Guest Blog by Scott Blaney

The tide of state immigration laws in Arizona appears to have ebbed. On March 17, 2011, the Arizona State Senate voted down five controversial bills aimed at controlling illegal immigration in the state. The Senate’s rejection of the bills came just two days after 50 Chief Executive Officers in Arizona sent a joint letter to Senate President Russell Pearce urging the Arizona Legislature to back off from efforts to regulate immigration at the state level.

The latest bills follow the 2007 Legal Arizona Workers Act (“LAWA”) and the 2010 Senate Bill 1070, both of which put Arizona at the forefront of states seeking to regulate immigration within their borders. The LAWA was one of the first state-level bills to mandate that businesses use the federal E-Verify system to verify work eligibility of all new hires on or after January 1, 2008. Challenges to the law have been unsuccessful to date and the law is currently under consideration by the U.S. Supreme Court.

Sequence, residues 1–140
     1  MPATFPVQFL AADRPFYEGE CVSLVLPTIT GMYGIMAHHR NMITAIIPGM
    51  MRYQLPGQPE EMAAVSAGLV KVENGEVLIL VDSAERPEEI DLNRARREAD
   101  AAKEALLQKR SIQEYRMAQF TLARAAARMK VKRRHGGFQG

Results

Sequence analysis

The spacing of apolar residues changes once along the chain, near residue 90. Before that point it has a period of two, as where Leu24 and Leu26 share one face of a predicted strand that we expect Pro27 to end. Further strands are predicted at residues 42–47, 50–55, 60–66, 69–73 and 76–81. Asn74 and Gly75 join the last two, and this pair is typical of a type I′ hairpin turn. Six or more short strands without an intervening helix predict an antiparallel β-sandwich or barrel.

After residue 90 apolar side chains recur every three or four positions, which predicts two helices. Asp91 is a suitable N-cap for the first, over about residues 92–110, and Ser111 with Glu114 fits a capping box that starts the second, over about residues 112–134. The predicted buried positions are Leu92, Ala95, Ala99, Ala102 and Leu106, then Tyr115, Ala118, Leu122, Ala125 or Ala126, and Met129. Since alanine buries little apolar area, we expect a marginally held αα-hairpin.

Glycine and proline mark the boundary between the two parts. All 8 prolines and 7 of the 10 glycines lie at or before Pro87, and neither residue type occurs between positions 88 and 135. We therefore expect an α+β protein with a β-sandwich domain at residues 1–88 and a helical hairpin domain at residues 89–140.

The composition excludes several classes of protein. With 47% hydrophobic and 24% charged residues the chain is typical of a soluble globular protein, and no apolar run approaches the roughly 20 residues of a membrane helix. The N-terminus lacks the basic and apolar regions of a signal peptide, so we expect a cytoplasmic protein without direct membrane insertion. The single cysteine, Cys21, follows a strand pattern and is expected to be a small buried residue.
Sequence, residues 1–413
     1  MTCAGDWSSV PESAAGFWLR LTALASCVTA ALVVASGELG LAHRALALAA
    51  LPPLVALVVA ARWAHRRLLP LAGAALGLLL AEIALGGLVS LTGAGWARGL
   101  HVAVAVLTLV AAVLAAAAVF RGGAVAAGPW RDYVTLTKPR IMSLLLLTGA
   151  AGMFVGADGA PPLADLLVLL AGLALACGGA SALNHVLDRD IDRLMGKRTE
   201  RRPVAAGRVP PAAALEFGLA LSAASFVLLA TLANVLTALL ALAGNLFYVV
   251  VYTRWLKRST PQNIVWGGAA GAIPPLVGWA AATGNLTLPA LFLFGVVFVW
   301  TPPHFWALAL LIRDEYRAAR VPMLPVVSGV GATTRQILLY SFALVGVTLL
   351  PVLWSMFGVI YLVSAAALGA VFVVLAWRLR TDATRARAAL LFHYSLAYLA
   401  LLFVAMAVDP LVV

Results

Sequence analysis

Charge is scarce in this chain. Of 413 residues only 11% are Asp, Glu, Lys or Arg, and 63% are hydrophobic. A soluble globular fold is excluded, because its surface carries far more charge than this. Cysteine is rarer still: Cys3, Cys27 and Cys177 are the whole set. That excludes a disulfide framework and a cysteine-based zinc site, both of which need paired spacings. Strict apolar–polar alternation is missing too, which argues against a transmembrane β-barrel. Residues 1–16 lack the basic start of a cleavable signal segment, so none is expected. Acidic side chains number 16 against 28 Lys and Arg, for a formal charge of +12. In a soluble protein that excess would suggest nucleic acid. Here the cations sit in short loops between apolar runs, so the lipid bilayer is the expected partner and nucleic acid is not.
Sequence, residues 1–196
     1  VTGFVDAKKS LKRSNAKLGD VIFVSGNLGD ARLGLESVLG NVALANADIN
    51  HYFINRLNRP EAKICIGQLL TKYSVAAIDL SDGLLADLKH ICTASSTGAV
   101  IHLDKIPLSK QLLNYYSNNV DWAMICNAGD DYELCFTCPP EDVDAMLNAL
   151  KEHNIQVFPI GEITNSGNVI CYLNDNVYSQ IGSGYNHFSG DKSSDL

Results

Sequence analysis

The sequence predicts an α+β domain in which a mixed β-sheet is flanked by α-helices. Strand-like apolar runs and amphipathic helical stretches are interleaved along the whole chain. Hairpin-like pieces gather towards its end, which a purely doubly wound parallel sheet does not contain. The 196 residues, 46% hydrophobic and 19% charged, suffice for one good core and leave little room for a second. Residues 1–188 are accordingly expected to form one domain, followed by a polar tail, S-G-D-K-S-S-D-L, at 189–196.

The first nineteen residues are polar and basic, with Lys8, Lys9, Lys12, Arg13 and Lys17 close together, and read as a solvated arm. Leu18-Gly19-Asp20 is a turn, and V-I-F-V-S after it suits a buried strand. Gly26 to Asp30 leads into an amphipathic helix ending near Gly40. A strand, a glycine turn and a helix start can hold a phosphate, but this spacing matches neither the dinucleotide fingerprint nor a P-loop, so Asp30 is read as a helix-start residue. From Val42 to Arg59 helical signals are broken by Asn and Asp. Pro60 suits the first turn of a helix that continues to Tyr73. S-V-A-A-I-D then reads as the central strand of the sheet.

A federal court blocked the most controversial parts of Arizona’s other high-profile immigration law, the “Support Our Law Enforcement and Safe Neighborhoods Act,” or SB 1070, such as its mandate that police officers check a person’s immigration status while enforcing other laws. See “Arizona Governor Signs Controversial Immigration Bill Into Law.” Passions run high on both sides of the SB 1070 debate and SB 1070 may find its way to the U.S. Supreme Court, as well.

The five bills defeated in March sought to regulate immigration in a number of ways. For example, SB 1405 would have required hospitals to inquire into an individual’s immigration status and notify law enforcement if an immigration violation was suspected. SB 1407 would have required school districts to collect data on the number of illegal immigrant students attending classes. SB 1611 covered a number of different areas, such as access to universities and colleges, and would have made it a state crime for illegal immigrants to drive a vehicle in Arizona.

The effects the rejected bills might have had on the workplace are not as direct as under the LAWA, but the underlying message is clear. Arizona and similar states will continue to seek ways to curtail illegal immigration. Employers must remain both informed of their obligations and vigilant in their compliance efforts.